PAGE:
Olive Tapenade is an easy accompaniment that works well as an appetizer or cheese board component, or as a side to main entree meats like roast chicken.
Tapenade is so, so under appreciated, if you ask me.
Not only is tapenade really flavorful and delicious, but it takes just 5-10 minutes to prepare, keeps well, and is very flexible in accommodating different types of olives and ingredients as you like.
Truthfully, much of the time I use it as a “dinner cheat” on tired nights, when I’ll make a simple roasted chicken and a simple side, and mix together this punchy tapenade as a way to give everything lots of flavor.
It never gets old for us.
No joke, sometimes my husband eats this tapenade with a spoon because he loves it so much, proclaiming each time “that’s so good.”
How to Make Tapenade:
Tapenade is simple, and its deliciousness depends quite a bit on the quality of the ingredients you use, so keep that in mind.
This is not the time where I use the cheap olives that come in a can.
For this recipe, you need quality olives, parsley, extra virgin olive oil, fresh garlic, and crushed red pepper flakes:
You may use whatever type of quality olive you prefer, but I do recommend using at least some Castelvetrano Olives, which I have recently become obsessed with.
They used to be hard to find in the US, but now I see a couple of different brands carrying them at the grocery.
I like to pair them with some lecino olives as well, but I’ve done castelvetrano-only versions of tapenade and it’s fantastic.
Other olives I enjoy are kalamatas and Nicoise, but it can be fun to take a trip to the olive bar, try a bunch, and see what your personal favorites are.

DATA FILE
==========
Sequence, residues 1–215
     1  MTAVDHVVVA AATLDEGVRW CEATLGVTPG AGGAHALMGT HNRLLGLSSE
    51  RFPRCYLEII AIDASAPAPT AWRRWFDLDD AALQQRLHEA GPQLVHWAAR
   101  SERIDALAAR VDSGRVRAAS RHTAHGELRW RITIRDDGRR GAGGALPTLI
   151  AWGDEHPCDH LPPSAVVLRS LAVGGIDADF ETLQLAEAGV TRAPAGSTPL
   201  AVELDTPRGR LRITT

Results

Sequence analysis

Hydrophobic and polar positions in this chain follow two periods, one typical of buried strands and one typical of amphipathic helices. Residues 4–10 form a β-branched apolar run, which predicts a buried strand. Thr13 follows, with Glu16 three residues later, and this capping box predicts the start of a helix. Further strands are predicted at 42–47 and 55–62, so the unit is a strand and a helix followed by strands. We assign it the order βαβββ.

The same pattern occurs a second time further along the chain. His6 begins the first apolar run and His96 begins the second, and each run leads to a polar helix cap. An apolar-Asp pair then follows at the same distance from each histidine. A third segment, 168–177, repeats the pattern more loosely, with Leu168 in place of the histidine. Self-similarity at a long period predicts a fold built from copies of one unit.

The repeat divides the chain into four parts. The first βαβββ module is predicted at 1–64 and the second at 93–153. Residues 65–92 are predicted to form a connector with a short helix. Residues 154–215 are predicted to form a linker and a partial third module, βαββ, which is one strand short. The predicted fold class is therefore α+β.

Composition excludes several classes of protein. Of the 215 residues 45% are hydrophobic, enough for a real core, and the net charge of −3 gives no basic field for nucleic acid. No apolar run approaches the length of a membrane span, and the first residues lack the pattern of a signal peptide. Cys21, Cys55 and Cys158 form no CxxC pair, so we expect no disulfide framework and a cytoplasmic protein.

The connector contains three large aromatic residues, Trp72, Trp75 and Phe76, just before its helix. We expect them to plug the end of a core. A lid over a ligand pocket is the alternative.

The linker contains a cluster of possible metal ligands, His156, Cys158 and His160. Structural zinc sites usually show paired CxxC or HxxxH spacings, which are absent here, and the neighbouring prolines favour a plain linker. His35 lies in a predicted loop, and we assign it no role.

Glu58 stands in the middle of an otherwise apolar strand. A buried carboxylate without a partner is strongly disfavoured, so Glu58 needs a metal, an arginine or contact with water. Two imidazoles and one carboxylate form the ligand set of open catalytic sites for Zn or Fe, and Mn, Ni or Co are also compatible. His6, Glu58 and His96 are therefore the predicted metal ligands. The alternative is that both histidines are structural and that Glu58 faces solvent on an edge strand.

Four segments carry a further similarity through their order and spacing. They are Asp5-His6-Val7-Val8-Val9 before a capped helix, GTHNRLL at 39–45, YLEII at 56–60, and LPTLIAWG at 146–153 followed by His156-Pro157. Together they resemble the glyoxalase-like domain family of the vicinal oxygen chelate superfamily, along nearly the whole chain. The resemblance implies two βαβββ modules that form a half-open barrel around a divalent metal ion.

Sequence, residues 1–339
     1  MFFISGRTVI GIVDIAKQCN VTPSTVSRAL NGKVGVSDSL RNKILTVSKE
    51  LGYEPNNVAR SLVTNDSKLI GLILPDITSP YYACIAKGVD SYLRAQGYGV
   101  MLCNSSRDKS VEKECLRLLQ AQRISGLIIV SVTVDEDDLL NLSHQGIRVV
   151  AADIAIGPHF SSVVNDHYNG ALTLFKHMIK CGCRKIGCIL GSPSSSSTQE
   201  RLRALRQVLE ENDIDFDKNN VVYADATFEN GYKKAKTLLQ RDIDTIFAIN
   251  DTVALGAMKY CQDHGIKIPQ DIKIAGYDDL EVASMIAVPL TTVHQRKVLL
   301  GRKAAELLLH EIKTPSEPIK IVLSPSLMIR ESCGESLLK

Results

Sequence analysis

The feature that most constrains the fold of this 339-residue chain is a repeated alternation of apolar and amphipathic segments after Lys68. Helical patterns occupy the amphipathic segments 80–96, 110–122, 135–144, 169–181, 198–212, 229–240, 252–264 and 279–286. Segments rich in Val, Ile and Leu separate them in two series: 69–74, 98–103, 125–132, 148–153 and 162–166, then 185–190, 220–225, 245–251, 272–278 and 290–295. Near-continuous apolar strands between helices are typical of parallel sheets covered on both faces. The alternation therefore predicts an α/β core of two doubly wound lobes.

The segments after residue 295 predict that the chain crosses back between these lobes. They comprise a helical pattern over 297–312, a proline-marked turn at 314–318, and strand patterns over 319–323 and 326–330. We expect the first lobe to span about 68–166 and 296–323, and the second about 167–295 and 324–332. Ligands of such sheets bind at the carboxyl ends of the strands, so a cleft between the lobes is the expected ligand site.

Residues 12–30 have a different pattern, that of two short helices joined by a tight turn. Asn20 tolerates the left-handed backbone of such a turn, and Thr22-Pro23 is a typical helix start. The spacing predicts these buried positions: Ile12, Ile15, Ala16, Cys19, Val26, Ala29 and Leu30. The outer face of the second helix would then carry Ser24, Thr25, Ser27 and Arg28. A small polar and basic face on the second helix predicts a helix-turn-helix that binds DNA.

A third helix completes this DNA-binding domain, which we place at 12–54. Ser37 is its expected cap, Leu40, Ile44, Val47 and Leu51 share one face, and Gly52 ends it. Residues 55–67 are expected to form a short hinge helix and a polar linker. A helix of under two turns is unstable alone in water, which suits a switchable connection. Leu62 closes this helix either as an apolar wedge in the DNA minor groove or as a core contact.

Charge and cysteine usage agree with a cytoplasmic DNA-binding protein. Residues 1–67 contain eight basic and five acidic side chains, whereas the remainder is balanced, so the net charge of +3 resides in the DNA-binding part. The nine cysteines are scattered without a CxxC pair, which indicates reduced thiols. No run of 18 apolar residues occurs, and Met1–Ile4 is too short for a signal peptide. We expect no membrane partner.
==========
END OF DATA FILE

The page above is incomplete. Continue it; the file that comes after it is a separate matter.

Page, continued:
How to Pit Olives for Tapenade: A lot of olives aren’t available pitted (including castelvetranos), but olives are easy to pit yourself.
I previously used this cherry and olive pitter tool (affiliate), but never found it easy to use.
What I like to do instead is give each olive a whack with a meat hammer (affiliate), and the pits come right out.
Place all the ingredients into a food processor, making sure to chop the garlic first:
This gives the garlic a head start in breaking down.
You only want to pulse and chop a few times, until the olive pieces are small, but not completely pureed:
It ultimately is personal preference, but I love having a coarser texture.
The tapenade is now ready to enjoy, and there are quite a few ways to use it.
- Spread on toasted baguette and serve as an appetizer
- Include the tapenade on a cheese board
- Stir into hummus and serve with pita
- Spread on sandwiches or paninis, like Eggplant Parmesan Sandwiches
- Add to various pasta salads, like Caprese Pasta Salad
- Serve with crackers as a bar snack paired with wine
- Eat it with simple roasted meats like chicken or pork tenderloin. We love it with Spatchcock Chicken and Parmesan Crusted Chicken
- 1 cup castelvetrano olives pitted
- 1/2 cup lecino olives pitted
- 1/4 cup lightly packed fresh Italian parsley leaves
- 3 tbsp extra virgin olive oil (high-quality)
- 1 large garlic clove minced
- 1/2 tsp crushed red pepper flakes
- Place all ingredients into a food processor and pulse until well chopped, but not pureed.
- Store leftovers in the refrigerator for up to 2 weeks.
Nutrition is estimated using a food database and is only intended to be used as a guideline for informational purposes.